New learning partner aiming to bridge the gap between research and frontline perspectives
The task of the new learning partners is to provide research, knowledge and learning to support the common pursuit of Quality Education for All.
Highlighted Publications on Education by ARC
Some policymakers and policy entrepreneurs believe in the need to hold schools and teachers accountable for educational outcomes through standardized assessment. But this kind of educational accountability can ignore the fact that many actors are involved in making sure children learn in schools. The 2019 Accountability Working Paper explores these issues and tensions.
Sandwich strategies in the education sector
Champions of education reform have reached for “sandwich strategies” – interactive processes in which reformers in government take tangible measures that reduce the risks and costs of citizen action from below. This can drive circles of mutual empowerment between pro-accountability actors in state and society. ARC’s project on sandwich strategies includes three case studies:
One of these new colleagues is the Accountability Research Center, ARC, based in American University’s School of International Service in Washington, USA.
“Founded in 2016, the center has built a wide and substantive research experience regarding accountability in relation to public policy. At the same time, they have a history of ensuring civil society engagement in research design and reporting to ensure that research is not only of high quality but also useful to those shaping or influencing public policy. This is an approach that I believe will benefit EOL a lot,” says global team lead, Lars Udsholt.
We are not the ones making the change
From the ARC headquarters in Washington, research professor Naomi Hossain and Ph.D. student Abrehet Gebremedhin are excited to have become part of the EOL family and contribute to the work of fellow grantees.
“We already know that we will learn a lot, and we hope that what we produce will be of use for those advocating for better education. ARC is founded on the idea that civil society is key in changing the world for the better and that we, through research, can support civil society frontliners in the global South. As researchers we are not the ones making the change, but we are able to provide the activists with valuable insights and crucial information to strengthen their work,” says Naomi Hossain.
She describes their approach as “action-oriented research” defining it as research that is designed to answer questions that civil society partners need answered or provide activists with data or knowledge needed to inform their work or argue their case.
“Many brilliant researchers are constantly producing knowledge that doesn’t make a change and is not useful for policy makers – neither those in power nor those trying to influence from the outside. A lot of research is also what I would call extractive – based on and about people, who have not been included in the design and will never benefit from the research – if they ever access it at all,” says Naomi Hossain.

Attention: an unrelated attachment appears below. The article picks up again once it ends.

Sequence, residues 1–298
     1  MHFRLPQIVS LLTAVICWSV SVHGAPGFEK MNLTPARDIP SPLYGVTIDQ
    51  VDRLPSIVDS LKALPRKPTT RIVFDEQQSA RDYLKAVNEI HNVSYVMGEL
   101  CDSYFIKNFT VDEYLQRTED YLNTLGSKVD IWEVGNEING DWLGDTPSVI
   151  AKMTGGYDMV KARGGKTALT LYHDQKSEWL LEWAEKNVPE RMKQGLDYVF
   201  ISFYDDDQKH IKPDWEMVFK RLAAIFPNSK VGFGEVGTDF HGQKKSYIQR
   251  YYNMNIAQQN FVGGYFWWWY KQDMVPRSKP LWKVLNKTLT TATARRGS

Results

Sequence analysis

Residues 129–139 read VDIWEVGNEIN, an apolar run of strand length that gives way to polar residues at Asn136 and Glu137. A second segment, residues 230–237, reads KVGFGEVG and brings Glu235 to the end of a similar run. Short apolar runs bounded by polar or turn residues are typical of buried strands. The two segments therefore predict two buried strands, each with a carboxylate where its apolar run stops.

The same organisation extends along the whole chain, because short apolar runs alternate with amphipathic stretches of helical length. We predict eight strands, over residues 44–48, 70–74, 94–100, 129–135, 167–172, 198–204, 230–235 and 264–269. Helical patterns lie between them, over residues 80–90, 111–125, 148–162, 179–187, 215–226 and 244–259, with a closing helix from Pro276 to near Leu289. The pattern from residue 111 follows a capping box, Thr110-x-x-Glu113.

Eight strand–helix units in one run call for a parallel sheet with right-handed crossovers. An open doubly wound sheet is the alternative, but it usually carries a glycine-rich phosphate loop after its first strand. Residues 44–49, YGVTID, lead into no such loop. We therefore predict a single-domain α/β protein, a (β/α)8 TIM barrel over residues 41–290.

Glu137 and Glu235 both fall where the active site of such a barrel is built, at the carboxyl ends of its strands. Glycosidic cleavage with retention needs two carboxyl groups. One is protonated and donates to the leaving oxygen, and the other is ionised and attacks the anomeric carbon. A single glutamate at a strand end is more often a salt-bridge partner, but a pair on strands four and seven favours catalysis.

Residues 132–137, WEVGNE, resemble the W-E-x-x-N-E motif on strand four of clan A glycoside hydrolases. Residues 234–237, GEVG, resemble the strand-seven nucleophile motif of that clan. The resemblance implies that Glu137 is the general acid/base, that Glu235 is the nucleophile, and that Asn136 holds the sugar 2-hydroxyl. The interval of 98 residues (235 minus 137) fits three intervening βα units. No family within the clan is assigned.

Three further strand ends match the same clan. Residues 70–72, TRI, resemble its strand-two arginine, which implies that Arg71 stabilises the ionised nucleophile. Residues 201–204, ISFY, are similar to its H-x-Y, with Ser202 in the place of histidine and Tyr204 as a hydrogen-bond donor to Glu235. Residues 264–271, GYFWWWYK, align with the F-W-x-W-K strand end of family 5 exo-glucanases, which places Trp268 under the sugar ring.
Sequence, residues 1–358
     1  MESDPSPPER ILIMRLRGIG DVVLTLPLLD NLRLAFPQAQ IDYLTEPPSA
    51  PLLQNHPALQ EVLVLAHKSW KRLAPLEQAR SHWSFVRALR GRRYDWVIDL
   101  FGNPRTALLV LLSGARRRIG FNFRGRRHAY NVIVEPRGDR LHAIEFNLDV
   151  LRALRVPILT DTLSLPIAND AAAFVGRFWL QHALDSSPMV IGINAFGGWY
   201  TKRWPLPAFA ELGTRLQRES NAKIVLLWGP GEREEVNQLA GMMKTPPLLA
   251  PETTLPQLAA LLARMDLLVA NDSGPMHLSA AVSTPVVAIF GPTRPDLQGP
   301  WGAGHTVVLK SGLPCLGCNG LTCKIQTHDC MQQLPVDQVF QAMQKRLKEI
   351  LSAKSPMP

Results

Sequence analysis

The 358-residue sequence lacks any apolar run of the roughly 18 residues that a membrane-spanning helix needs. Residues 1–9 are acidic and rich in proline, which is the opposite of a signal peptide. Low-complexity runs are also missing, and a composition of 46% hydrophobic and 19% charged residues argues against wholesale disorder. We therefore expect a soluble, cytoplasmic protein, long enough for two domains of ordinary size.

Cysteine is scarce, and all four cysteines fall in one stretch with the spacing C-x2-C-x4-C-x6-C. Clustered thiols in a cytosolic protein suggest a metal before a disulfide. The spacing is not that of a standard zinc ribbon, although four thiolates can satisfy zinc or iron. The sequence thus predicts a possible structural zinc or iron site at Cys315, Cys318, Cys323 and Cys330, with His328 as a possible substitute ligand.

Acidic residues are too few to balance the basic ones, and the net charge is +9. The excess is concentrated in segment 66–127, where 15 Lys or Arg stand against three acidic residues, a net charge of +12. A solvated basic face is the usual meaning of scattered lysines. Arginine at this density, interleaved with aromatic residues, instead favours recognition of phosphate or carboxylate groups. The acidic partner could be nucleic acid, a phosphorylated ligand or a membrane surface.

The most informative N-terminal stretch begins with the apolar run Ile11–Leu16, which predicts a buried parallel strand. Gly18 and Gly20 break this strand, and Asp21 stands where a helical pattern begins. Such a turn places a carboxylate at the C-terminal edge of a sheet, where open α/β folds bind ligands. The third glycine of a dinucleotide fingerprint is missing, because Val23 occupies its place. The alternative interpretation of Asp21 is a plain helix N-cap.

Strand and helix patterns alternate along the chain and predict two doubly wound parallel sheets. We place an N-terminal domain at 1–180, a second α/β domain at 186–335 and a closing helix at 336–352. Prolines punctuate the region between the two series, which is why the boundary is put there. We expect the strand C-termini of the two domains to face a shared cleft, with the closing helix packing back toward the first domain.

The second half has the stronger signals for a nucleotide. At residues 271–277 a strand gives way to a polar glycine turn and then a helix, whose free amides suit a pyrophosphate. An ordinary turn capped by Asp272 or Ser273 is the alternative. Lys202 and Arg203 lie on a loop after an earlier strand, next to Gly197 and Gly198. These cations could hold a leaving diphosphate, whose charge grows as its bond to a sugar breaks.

Abrehet Gebremedhin adds: “We live up to the highest academic standards in our methodology and use of data but make sure that our research design is led by the needs and questions asked by those who are working to change something. Some find this approach less prestigious than other types of research, but for us it is totally valid – and more beneficial to the world – to do “research with a purpose”.
Documenting the role of civil society
The ARC team is already well underway with their initial tasks as an EOL learning partner. One is to understand and describe the role of civil society in national education policies – based on interviews with grantees and other stakeholders, and on a review of existing literature.
“We see that governments are increasingly disinclined to allow civil society a seat at the table. At the same time education advocates are finding it harder to get funding. This may be partly because we don’t have any documentation of the role civil society plays in education policy making and implementation. We will create an overview of the impact they have and the role they typically play – to inform civil society itself and to allow them to make a stronger business case when seeking influence or funding,” explains Naomi Hossain.
The other task that ARC is working on, is a mapping of the methodologies and strategies used by the current EOL grant-holders.
“We are creating an overview of themes and approaches used by the organizations and alliances and subsequently the results they achieve. Even though much is already being done for grantees to learn from each other we offer a more thorough overview and a wider scope, which we think, and hope can benefit the organizations,” says Abrehet Gebremedhin.
The various initiatives are developing according to plan, and Naomi, Abrehet and their colleagues are looking forward to sharing the preliminary results by early summer.
“We look forward to discussing the findings with those who are at the forefront of education advocacy and activism, and to co-creating the next steps so that the research answers their questions and generates the learning that they want and need,” says Naomi Hossain.
ARC in brief
- The Accountability Research Center (ARC) was founded in 2016 and is based in American University’s School of International Service in Washington, USA.
- ARC is an action-research incubator that partners with CSOs and policy reformers in the global South with the overall aim of improving public accountability and building more inclusive societies.
- ARC does this through research that is action-oriented and designed to bridge research and frontline perspectives.
- ARC is one of the new global learning partners that has been invited onboard for the extended phase of Education Out Loud project, now running through 2027.
- Read more about Accountability Research Center